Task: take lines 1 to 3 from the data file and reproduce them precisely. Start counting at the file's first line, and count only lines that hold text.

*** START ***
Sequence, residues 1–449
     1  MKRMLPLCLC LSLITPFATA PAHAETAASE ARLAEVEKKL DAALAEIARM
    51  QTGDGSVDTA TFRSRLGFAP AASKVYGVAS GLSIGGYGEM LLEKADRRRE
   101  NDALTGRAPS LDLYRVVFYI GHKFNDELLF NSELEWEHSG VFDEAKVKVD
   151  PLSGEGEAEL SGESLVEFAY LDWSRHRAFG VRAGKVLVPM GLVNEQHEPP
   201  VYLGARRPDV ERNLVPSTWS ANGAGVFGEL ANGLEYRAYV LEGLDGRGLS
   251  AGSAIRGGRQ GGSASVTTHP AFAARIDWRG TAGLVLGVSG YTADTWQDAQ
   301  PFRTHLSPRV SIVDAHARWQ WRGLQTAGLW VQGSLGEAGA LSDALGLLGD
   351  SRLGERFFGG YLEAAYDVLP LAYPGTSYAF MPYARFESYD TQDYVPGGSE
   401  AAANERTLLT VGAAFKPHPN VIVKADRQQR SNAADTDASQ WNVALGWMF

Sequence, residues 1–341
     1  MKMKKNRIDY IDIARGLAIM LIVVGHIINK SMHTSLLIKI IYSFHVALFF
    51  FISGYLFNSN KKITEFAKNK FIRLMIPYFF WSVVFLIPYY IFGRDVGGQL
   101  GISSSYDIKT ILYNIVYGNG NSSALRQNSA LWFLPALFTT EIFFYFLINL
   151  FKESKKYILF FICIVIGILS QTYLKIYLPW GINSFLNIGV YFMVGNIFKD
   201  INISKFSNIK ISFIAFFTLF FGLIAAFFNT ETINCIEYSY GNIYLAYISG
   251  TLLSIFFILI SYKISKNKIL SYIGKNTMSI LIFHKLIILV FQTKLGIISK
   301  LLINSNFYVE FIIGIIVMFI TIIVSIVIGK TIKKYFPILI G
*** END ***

Sequence, residues 1–449
     1  MKRMLPLCLC LSLITPFATA PAHAETAASE ARLAEVEKKL DAALAEIARM
    51  QTGDGSVDTA TFRSRLGFAP AASKVYGVAS GLSIGGYGEM LLEKADRRRE